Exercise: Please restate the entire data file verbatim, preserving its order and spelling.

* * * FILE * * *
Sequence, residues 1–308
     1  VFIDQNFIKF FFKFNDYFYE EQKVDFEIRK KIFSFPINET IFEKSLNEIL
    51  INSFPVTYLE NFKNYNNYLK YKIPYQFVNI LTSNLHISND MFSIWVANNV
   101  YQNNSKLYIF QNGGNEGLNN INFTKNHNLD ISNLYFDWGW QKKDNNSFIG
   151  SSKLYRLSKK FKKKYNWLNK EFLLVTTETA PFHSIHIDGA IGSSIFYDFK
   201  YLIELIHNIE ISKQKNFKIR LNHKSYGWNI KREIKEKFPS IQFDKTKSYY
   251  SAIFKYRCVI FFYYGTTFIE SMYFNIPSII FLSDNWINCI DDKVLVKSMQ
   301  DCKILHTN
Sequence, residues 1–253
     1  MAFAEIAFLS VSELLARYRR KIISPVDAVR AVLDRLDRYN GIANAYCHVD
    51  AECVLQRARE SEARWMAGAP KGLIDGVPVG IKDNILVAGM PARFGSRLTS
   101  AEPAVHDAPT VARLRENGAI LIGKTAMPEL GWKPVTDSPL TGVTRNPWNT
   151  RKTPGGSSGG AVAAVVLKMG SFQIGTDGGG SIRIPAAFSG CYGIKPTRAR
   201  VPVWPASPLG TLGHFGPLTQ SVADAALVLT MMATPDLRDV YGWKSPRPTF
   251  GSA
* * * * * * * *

Sequence, residues 1–308
     1  VFIDQNFIKF FFKFNDYFYE EQKVDFEIRK KIFSFPINET IFEKSLNEIL
    51  INSFPVTYLE NFKNYNNYLK YKIPYQFVNI LTSNLHISND MFSIWVANNV
   101  YQNNSKLYIF QNGGNEGLNN INFTKNHNLD ISNLYFDWGW QKKDNNSFIG
   151  SSKLYRLSKK FKKKYNWLNK EFLLVTTETA PFHSIHIDGA IGSSIFYDFK
   201  YLIELIHNIE ISKQKNFKIR LNHKSYGWNI KREIKEKFPS IQFDKTKSYY
   251  SAIFKYRCVI FFYYGTTFIE SMYFNIPSII FLSDNWINCI DDKVLVKSMQ
   301  DCKILHTN
Sequence, residues 1–253
     1  MAFAEIAFLS VSELLARYRR KIISPVDAVR AVLDRLDRYN GIANAYCHVD
    51  AECVLQRARE SEARWMAGAP KGLIDGVPVG IKDNILVAGM PARFGSRLTS
   101  AEPAVHDAPT VARLRENGAI LIGKTAMPEL GWKPVTDSPL TGVTRNPWNT
   151  RKTPGGSSGG AVAAVVLKMG SFQIGTDGGG SIRIPAAFSG CYGIKPTRAR
   201  VPVWPASPLG TLGHFGPLTQ SVADAALVLT MMATPDLRDV YGWKSPRPTF
   251  GSA